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Britain's Electoral Cliffhanger

By Simon Schama, The New Yorker - May 3, 2010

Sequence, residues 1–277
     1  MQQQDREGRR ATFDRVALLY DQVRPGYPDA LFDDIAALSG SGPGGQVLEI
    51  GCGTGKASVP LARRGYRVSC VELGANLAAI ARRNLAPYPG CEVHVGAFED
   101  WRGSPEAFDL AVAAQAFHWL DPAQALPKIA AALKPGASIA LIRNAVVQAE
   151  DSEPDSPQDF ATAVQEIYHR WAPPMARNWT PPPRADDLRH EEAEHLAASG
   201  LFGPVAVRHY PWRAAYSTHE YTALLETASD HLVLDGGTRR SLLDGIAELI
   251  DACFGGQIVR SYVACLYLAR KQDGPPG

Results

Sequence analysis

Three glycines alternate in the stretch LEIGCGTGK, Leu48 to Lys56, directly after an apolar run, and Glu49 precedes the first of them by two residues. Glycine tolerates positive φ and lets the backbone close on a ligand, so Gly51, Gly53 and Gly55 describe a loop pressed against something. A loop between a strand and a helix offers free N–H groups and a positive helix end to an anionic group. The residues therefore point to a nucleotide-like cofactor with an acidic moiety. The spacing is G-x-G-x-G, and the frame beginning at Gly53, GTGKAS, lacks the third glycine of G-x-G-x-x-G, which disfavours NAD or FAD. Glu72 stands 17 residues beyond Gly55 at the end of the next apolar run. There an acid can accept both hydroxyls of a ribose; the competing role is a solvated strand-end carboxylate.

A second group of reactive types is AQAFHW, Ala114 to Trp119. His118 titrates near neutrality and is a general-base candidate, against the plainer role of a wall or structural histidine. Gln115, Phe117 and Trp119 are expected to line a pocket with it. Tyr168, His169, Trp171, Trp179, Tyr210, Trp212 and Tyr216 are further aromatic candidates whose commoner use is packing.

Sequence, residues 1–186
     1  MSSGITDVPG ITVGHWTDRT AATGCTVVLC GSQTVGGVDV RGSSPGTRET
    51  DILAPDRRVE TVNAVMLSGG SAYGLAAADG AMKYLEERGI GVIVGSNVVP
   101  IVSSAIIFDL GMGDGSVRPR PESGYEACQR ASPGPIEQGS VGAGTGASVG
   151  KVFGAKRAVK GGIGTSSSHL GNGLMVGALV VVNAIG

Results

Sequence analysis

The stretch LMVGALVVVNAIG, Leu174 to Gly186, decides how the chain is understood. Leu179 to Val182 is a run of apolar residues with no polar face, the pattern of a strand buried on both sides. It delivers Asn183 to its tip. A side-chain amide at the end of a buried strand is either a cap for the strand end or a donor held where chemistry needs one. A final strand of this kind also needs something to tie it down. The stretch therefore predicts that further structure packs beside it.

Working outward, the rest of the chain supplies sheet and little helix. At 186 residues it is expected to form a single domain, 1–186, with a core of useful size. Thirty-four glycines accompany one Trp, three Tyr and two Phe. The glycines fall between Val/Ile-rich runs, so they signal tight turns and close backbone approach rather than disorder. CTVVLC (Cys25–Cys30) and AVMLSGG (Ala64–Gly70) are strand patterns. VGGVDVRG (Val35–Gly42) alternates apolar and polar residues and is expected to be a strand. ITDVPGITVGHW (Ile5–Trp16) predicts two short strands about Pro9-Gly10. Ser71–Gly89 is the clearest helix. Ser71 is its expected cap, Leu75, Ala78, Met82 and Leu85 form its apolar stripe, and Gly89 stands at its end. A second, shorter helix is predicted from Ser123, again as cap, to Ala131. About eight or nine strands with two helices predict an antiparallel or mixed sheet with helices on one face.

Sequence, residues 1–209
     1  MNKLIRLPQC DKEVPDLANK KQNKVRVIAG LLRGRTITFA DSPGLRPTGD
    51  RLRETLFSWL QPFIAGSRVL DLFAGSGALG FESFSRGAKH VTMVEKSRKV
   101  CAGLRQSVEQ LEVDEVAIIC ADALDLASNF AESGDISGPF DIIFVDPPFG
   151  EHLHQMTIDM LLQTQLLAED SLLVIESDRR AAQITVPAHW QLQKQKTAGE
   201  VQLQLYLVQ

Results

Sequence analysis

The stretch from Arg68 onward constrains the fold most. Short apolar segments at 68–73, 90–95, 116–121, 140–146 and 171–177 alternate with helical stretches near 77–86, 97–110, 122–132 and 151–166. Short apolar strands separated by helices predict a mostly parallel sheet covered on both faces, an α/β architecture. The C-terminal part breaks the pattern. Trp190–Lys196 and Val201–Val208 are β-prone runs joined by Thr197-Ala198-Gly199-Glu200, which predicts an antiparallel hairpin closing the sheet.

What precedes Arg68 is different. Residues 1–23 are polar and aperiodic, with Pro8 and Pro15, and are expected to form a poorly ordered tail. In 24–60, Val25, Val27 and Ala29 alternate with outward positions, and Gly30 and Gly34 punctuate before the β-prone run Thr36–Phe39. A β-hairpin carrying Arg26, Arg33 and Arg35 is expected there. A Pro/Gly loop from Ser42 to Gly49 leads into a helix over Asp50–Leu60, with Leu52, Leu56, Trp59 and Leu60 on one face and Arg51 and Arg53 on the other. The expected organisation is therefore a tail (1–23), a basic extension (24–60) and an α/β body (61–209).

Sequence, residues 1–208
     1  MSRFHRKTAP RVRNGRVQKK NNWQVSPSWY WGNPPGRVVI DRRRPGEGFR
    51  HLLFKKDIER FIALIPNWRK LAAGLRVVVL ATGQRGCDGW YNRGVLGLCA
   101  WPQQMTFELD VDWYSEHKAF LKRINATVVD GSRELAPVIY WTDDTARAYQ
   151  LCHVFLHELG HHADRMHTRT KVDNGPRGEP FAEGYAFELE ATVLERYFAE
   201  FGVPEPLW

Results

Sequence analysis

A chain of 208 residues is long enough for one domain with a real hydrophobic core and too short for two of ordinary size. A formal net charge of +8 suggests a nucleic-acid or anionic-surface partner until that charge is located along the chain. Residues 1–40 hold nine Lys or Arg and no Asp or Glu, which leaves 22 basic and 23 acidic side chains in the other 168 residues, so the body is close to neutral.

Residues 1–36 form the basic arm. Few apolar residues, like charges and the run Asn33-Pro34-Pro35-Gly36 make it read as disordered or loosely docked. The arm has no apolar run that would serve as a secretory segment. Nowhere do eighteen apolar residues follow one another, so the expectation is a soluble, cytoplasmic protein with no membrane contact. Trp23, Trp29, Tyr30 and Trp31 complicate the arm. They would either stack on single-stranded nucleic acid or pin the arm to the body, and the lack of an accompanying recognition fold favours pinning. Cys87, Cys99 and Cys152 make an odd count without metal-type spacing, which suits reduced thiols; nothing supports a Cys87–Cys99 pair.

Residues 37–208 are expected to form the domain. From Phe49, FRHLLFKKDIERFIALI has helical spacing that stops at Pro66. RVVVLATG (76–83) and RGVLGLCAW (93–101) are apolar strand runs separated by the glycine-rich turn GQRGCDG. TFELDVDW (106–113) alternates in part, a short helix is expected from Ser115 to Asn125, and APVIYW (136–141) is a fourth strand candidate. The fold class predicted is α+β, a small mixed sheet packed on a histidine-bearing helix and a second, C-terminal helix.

Once upon a time, almost two and a half centuries ago, there lived two systems of representative government, separated by an ocean. English was their common language, and talk of law and liberty their common habit, but there the resemblance stopped, for one was fair and one foul. On the eastern shore, the body politic was engorged with money. Venal interests bought the services of legislators and rewarded them once their dirty work was done. Swarms of lobbyists battened on the body politic. Election rhetoric was disingenuous cant punctuated by maddened rant. But in the west, baptized by revolutionary fire, there unfolded something fresh: a democratic politics that (though averting its gaze from the enslaved) was open in manner, radical in utterance, mistrustful of the moneyed interest, and fruitfully unstable in party allegiance.

 

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